The following best practices are important to keep in mind when investing in digital displays for public safety purposes:

Location: Where a display is installed will impact its effectiveness, so it is important to conduct traffic-pattern studies with a qualified public safety organization to ensure the desired location is actually the best place for it – just because it fits somewhere or looks good in a certain location doesn’t mean people will be able to see it or pay attention to it.

Location also affects the type of structure required to mount the display, as well as whether the location is indoor or outdoor. In turn, these both impact cost.

Control & Content: Investing in software that allows control from a single network or point allows one person or team to monitor displays and control content. Some higher-quality displays can send email alerts to an admin if there are any issues with the sign or with the way the content is displaying. All displays can be networked, so if a screen goes down, the admin is alerted immediately. But not every display has this as an option, so having a point person to monitor displays is important.

Having a proper content management service in place is essential in emergency situations, when a transit agency would want to immediately push alerts to every screen in the affected area. With a content management service, this can be done in real time from anywhere an admin has access to the network. An agency can even set up pre-written messages for certain situations like a fire or collision, and simply hit a button to push them to displays.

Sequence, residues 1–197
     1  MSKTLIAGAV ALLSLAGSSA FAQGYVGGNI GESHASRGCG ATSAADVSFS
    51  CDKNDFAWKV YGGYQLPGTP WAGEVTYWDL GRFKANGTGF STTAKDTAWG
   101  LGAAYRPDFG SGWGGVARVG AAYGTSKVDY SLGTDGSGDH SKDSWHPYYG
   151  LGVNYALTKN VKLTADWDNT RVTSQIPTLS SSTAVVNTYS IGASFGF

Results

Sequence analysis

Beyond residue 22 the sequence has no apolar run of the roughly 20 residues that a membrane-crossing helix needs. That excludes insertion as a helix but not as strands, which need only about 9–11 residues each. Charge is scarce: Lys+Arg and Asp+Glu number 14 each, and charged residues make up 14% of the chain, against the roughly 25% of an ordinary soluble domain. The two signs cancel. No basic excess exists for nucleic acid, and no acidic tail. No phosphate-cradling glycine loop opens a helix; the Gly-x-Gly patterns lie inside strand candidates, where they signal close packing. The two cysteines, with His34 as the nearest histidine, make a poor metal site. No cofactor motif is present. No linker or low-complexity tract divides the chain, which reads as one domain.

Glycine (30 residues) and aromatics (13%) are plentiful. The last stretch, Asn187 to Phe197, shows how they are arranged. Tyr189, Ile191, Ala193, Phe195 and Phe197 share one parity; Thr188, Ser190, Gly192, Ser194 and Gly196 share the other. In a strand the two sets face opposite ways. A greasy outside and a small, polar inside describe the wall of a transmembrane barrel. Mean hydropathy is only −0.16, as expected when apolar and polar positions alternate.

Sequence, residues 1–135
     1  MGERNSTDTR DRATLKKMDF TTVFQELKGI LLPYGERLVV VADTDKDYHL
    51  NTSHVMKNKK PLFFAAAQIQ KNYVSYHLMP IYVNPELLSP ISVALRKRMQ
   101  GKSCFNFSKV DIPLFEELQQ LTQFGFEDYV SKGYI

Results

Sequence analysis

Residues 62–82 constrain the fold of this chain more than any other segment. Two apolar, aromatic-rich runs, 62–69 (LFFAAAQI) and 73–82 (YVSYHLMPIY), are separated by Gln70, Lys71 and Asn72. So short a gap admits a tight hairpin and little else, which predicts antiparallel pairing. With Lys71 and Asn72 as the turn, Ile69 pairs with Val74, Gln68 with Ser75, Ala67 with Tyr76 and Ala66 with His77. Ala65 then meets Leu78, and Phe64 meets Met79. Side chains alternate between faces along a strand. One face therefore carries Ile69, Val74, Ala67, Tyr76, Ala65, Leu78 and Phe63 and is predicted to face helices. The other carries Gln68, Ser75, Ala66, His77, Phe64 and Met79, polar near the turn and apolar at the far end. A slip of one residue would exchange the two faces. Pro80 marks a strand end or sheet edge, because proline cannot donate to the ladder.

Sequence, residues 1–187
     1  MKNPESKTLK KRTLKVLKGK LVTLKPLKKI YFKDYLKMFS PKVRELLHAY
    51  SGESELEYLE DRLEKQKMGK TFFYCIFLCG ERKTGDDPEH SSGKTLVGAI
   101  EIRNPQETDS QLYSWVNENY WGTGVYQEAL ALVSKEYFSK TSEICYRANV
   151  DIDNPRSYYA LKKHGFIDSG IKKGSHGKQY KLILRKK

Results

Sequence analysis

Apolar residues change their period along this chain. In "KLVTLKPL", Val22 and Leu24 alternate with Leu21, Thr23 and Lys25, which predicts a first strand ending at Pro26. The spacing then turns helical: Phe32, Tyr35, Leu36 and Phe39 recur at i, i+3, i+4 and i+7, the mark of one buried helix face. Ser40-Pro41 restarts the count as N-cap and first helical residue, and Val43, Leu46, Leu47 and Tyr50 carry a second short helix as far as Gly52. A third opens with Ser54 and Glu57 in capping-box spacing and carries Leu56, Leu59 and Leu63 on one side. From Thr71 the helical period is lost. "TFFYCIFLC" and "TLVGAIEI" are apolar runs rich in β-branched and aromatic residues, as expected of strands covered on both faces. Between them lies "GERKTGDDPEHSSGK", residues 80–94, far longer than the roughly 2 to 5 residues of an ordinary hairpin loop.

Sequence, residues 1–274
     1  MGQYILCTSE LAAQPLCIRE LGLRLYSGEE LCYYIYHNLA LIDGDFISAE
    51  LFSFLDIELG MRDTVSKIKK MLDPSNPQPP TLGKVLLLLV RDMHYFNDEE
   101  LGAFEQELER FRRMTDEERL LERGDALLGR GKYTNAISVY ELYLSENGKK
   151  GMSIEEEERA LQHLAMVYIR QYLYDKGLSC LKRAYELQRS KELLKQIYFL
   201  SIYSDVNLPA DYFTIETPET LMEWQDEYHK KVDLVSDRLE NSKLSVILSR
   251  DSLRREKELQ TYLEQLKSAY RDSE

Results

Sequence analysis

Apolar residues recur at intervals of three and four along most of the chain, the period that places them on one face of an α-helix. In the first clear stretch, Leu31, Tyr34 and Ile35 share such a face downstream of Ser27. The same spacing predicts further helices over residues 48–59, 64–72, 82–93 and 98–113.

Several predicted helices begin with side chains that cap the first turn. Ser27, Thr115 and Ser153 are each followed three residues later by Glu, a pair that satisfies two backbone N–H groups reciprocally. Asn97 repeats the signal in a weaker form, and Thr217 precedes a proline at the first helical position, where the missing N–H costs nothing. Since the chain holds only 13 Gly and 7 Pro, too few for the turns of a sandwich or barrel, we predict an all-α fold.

The effectiveness of a public safety messaging program greatly depends on the content. It is important to work with a content provider and a public safety organization that know best practices for messaging campaigns and emergency alerts, and is able to design and create the most effective content.

It may be useful to get feedback on content from local public safety entities, transit police or a federal institution like Homeland Security, or work alongside them, to ensure that the messaging and design works and is user friendly.

Budget: It’s important to have a clear vision of the goals and needs of the public safety messaging programs and ensure that the budget fits that vision. Budget should be determined early in the project so that an integrator can help choose the best possible solution for the messages and appropriately balance both budget and vision.

Perspective: Think about the passengers and travelers utilizing the transit: What are they looking at, where are they looking and what information would help them the most? Sometimes less is more when it comes to signage, so travelers are not overwhelmed with too much information. A clear, concise message in an environment that is not cluttered with signage ensures that the messaging is visible and effective.

Using digital signage for public safety in a transit setting can help keep travelers safe and aware even during emergencies, helping to create a more secure future for passengers and transit agencies alike.

Ben Hardy is product manager for NEC Display Solutions. Grant Wylie is the senior product manager for LED at NEC Display Solutions.

More in Technology